Dreams: Cinema of the Subconscious Documentary
This is quite an interesting little offering, hosted by Joseph Gordon-Levitt, running at 45 minutes and looking at the science and theories behind the dream aspects of the plot, with numerous experts popping up to discuss these ideas. It’s a great companion-piece to this project, and really quite revealing in its observation of what your dreams signify, but the theory that your dream world is not actually an altered state of consciousness, but really a fully functional parallel reality feels a little too contrived, as if they were trying too hard to make this Documentary stand out.
Inception: The Cobol Job - Motion Comic Prequel
This is an animated comic prequel to the main movie, explaining some of the unseen events that take place on the run-up to the movie. It shows you how Cobb, Arthur and Nash – the first architect – came to be enlisted by Cobol Engineering to perform the extraction on Saito in the first place. Running at 15 minutes in length, it’s fairly tense, boasts some nice ideas and has Zimmer’s threatening score playing off in the background. They get the DiCaprio likeness just right and, even if some of the other animation designs don’t quite match up, it’s a pretty damn good offering, far superior to just a selection of largely pointless Deleted Scenes, and well worth checking out.
Project Somnacin: Confidential Files
This BD-live portal allows access to several background files.
Conceptual Art Gallery
Here we have a selection of dozens of pieces of concept art showcasing the designs used to create the movie’s most standout imagery.
Promotional Art Archive
This is a selection of the movie’s posters, from across the world.
Trailers and TV Spots
Finally we get a few Theatrical Trailers and over a dozen Teaser Trailers for the movie.
Ground-pounding the Box Office with yet another superior Summer Blockbuster, Christopher Nolan’s 2010 sleeper hit Inception is surely the best film of the year. Perfectly infusing high concept ideas and clever scripting with richly developed characters, a complex but not overly-complicated plot and some of the most striking visual setpieces ever attempted, Nolan proves, once again, that Summer Blockbuster’s don’t need to be dumb to be fun; that you don’t have to sacrifice plot and character development in order to provide large-scale action and spectacular effects – here you can have it all, and leave the film thrilled to the core, but still pondering the character motivations, and the intricacies of the dream-within-dream-within-dream plot. It’s a lesson to all of the Jim Camerons, George Lucases and Michael Bays of the world – that it is possible to provide a movie that can be equally stimulating on any level: whether viscerally, as an amazing passive experience of being within such a labyrinthine dream world; or intellectually, actively dissecting this Escher-like dream web. Be the detective or be the voyeur; live the dream or just experience it, Inception offers it all. Ten years on from the Matrix and we have, in my opinion, the next big landmark in terms of innovative, smart blockbusters.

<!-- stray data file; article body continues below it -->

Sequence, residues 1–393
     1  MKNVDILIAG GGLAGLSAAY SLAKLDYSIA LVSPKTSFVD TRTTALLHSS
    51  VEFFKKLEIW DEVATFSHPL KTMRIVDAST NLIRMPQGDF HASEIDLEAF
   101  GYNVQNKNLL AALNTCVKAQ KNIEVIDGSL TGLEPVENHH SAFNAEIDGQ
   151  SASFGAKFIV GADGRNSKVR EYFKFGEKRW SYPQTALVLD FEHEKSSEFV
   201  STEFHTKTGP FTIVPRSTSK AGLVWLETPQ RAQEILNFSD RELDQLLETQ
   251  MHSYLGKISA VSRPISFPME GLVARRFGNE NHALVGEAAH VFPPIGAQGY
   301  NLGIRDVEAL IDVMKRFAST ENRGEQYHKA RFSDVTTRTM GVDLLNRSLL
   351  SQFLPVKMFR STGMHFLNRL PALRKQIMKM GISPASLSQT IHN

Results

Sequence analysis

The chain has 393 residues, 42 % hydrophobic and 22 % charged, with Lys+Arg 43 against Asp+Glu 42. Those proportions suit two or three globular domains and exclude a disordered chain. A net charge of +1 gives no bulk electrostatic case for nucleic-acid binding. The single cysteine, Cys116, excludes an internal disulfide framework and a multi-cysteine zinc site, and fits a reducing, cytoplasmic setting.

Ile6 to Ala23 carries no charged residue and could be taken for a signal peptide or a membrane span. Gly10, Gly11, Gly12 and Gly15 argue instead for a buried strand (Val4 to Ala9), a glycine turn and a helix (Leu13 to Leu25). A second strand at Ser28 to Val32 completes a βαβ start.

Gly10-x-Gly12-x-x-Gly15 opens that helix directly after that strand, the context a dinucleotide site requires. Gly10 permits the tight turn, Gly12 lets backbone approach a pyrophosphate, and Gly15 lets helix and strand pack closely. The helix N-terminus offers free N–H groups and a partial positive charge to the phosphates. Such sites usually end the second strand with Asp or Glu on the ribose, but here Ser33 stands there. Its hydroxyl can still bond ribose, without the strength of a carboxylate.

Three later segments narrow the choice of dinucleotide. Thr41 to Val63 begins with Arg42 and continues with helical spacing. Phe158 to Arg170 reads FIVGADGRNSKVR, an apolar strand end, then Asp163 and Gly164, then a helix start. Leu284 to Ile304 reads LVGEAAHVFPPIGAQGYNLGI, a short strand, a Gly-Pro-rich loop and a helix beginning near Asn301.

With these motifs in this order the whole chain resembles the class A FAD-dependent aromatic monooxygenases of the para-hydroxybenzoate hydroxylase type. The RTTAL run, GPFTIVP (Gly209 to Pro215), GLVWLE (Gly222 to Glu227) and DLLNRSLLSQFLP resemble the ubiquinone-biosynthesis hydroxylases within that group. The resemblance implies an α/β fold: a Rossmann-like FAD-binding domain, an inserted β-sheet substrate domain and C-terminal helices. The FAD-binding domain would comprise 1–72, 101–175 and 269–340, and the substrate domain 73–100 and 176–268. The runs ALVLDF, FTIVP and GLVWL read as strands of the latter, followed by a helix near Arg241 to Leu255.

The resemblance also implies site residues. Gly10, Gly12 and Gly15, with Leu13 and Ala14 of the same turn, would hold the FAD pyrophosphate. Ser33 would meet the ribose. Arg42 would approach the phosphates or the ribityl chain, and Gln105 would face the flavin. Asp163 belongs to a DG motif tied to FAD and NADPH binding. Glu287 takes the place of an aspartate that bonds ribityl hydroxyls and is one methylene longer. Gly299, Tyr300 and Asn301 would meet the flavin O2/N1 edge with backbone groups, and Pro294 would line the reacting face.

On Region Free US Blu-ray Inception boasts reference-quality video and audio, as well as a nice extras package which, whilst often somewhat unorthodox, does offer up a few decent gems like the Prequel Animation and the Dream Documentary. There’s also a Digital Copy and a DVD Copy, should you so require them, which surely leaves all of the bases covered. Fans of the movie should already have had this on pre-order, it’s a must-have movie for your collection, has a hell of a lot of rewatch value in it, and comes in a great Blu-ray package (unless you’re really tempted by the briefcase edition). Newcomers should consider this an absolute blind-buy – you won’t be disappointed. My personal movie of the year gets a great Blu-ray release and comes with the highest recommendation.
Suggested retail price when reviewed: £22.31